About 17 years ago, I had a chance to visit the Gulf Coast as part of a story on the growth of the plastics industry in Mississippi. A year and a half later, I revisited the area in the months after Hurricane Katrina hit the region. The catastrophic loss of life in New Orleans was the centerpiece of most news coverage in the area, for obvious reasons. But the plastics industry in low-lying Louisiana and Mississippi also took a big hit.
In Long Beach, Miss., almost nothing was left standing along the shoreline. Steps led to buildings that were no longer there. Bridges were out, roads damaged.
But for the most part, plastics companies — both molders and resin plants — escaped beyond needing few repairs, with a few unfortunate exceptions. Company leaders I spoke to were gratified to report that none of their employees were killed in the storm. Many of those workers, though, had significant damage to their homes. So firms brought in mobile homes to provide workers with temporary housing. They supplied food and clothes and a place to get fresh water and take a shower.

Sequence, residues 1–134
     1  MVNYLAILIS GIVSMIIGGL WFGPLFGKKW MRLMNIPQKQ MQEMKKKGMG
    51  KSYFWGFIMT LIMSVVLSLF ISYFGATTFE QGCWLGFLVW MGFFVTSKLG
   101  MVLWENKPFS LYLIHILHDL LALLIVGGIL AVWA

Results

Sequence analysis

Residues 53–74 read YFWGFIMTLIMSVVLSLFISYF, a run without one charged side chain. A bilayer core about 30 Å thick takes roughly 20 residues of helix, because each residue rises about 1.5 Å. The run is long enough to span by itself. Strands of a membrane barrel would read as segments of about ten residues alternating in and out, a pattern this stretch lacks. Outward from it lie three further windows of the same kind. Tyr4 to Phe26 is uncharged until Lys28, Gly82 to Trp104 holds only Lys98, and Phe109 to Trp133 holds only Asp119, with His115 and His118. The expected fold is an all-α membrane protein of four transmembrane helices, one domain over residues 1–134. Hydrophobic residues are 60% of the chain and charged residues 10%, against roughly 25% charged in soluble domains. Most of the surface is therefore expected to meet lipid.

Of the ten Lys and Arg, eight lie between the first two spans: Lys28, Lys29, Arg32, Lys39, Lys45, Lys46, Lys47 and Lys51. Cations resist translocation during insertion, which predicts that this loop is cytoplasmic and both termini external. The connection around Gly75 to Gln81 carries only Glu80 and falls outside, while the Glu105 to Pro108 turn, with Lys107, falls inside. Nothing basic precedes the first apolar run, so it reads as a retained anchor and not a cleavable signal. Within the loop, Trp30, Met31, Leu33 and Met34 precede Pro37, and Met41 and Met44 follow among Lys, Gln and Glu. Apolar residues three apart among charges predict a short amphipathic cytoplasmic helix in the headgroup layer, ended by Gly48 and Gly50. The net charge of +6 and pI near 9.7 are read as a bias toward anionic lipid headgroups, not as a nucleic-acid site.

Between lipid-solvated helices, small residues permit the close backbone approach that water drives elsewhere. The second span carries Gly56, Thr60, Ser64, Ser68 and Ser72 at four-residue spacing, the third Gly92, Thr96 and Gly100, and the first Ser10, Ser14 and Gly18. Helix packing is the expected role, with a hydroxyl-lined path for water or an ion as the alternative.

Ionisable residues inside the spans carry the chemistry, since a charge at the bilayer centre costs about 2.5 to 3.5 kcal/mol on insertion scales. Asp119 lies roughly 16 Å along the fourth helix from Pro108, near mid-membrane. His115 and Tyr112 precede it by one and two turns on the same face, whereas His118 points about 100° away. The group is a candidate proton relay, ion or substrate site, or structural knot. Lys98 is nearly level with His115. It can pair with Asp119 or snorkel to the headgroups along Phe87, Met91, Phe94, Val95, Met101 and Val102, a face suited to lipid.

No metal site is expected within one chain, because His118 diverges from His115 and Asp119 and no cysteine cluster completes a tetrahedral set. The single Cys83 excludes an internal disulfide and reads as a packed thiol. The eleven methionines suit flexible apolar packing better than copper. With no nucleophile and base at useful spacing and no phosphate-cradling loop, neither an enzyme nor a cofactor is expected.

On Aug. 29, the 16th anniversary of Katrina making landfall near New Orleans, Hurricane Ida hit the same region, just south of the city, as a major storm. It's still far too early to know what impact Ida may have had on plastics firms in the area now, and any extensive shutdowns may add to material shortages and price increases in the coming weeks or months.
I expect we'll hear more soon, both about the impact on material supply and on workers who have already been stressed. But as we do, let's recall one of the biggest lessons for any company facing catastrophe: "Your whole perspective has to be that your business is built around your people,'' one injection molding executive told me at the time. "You are your people, so taking care of your people becomes the No. 1 priority.''